One of the most common sexual concerns that women complain of when it comes to sex is a lack of arousal or low desire. This does seem to be more common in women who are in their 20’s and often we may see these resolve themselves as women get older. It’s been said that women reach their sexual peak in their mid to late 30’s and yes, this can explain part of this phenomenon. According to the medical beliefs, women bloom later when it comes to sexuality. Physiology is one factor, but this is not always nor the only reason we see low desire or low arousal in females. Many other factors can contribute to low sexual desire in females, ranging from depression to anxiety to fear, anger, resentment, guilt, or shame.
The same is true of men. True, physiologically speaking men’s testosterone levels dip as they get older. It is suggested that men reach their sexual peak around 21. Although low sexual desire is not the most common of male sexual disorders, men do often present with erectile issues which, include early ejaculation or erectile dysfunction (ED) which often have the same contributing factors I mentioned above.
When low arousal or low desire presents itself in the relationship it is also very common that the individual taking on most of the blame is the person whose body is affected. If she is the one not producing natural lubrication then she must be the one at fault, and vice versa. If his erections are the one in question then he is the one who must be fixed. Unfortunately this thinking then too often leads one individual, the broken one to present for counseling or therapy, by him or herself, individually. In my opinion this is problematic two-fold. For one, the individual who is going to therapy, is the person that is getting better, the one more likely to be making positive changes in their life, and most often this is happening alone. The other person is not present and is not joining her on the journey. And two, this places blame, or fault and suggests that one person is sick, broken, or at “fault”, while the other is well, and “right.” One is good, the other bad. You get the idea. Ideally, if there are problems in the relationship, sexual or not, couples problems should never be placed on one individual. The couple should make it a point to attend together to see how each is influencing the other. The relationship is a dance and it takes two to tango.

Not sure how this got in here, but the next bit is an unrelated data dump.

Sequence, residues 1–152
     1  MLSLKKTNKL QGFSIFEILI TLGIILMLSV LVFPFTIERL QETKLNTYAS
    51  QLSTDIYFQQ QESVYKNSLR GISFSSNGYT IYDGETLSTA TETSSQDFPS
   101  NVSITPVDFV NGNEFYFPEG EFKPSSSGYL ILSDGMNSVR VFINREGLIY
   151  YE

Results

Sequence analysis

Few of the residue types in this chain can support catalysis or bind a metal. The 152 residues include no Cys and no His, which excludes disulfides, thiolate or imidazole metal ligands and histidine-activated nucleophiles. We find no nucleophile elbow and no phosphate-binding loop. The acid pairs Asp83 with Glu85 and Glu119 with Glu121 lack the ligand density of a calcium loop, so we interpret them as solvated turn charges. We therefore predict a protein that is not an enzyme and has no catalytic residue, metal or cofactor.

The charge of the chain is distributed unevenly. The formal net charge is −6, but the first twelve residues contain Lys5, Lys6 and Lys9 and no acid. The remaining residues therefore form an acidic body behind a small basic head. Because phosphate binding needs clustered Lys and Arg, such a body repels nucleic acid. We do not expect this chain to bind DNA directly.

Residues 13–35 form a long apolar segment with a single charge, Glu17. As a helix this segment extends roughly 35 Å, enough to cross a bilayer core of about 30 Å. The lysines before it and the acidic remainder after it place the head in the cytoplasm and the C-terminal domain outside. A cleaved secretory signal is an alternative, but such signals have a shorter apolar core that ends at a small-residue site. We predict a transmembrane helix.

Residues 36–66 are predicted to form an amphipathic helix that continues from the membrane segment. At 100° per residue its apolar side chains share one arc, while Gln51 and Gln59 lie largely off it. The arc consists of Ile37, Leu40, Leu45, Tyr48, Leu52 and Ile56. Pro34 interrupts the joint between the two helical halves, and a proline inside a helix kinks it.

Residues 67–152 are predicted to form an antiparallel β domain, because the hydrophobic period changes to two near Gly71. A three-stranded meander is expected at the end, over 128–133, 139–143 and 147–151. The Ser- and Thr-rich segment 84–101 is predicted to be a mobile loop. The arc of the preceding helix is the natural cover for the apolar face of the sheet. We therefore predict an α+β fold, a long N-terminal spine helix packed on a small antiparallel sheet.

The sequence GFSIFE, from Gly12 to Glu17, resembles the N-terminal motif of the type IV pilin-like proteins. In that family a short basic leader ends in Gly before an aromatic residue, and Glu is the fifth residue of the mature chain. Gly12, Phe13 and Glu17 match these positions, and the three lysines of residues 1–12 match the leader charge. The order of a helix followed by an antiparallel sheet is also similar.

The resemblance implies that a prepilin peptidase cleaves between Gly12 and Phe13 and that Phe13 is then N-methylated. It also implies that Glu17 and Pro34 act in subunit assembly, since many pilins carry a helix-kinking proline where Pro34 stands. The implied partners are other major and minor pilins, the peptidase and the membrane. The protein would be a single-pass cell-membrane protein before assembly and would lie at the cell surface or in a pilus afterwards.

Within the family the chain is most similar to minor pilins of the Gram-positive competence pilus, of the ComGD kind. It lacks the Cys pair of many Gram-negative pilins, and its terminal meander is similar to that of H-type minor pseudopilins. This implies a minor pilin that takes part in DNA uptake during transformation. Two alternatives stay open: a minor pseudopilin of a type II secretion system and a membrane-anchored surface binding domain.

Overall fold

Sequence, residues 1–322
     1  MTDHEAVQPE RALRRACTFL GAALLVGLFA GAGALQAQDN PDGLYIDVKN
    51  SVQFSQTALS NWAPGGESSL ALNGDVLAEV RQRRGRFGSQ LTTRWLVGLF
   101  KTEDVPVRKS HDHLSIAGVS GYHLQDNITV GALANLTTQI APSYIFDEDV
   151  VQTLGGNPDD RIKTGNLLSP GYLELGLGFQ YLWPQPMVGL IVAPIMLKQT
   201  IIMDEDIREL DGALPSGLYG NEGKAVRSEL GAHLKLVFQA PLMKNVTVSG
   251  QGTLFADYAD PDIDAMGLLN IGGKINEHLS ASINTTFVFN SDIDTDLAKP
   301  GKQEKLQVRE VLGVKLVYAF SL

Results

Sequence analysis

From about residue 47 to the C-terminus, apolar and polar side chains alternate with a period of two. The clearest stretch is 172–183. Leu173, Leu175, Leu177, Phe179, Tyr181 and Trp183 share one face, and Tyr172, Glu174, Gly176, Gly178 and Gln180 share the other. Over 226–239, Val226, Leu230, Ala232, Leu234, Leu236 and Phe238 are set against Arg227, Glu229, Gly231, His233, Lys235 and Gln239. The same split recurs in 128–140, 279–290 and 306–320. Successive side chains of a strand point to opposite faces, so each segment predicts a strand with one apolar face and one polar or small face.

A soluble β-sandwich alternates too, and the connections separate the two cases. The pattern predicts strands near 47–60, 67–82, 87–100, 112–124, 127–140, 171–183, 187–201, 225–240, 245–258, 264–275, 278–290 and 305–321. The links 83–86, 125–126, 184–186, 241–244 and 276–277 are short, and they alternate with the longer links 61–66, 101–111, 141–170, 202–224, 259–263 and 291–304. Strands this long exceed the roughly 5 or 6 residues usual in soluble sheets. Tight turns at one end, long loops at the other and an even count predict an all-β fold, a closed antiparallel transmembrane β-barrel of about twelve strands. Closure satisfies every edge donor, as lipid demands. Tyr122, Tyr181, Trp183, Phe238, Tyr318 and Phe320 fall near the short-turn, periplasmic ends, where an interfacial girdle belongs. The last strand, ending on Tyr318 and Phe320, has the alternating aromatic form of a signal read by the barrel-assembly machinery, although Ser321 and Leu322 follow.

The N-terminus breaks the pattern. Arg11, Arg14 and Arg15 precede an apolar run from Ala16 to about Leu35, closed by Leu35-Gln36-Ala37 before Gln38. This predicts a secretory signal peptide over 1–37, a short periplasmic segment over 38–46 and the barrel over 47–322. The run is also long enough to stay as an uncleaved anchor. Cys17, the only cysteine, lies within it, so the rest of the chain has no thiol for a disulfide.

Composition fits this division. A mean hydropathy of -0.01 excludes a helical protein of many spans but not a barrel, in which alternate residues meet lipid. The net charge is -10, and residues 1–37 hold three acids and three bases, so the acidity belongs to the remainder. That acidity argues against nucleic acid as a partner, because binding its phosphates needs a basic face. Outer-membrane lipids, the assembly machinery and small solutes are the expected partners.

Even in a situation where one partner is dealing with some personal issues, such as childhood trauma or abuse, which may not involve his/her partner directly, and may or may not be sexual in nature I still always strongly suggest having the partner at least minimally involved. Therapy involves sharing intimate parts of yourself, and this will likely have its effect on the individual, will facilitate change and growth and also may indirectly affect the relationship. I encourage couples to grow together, not apart.To Get More Satisfaction out of your Relationships and Sex Life Visit Moushumi Ghose, A Los Angeles Sex Therapist at Los Angeles Sex Therapy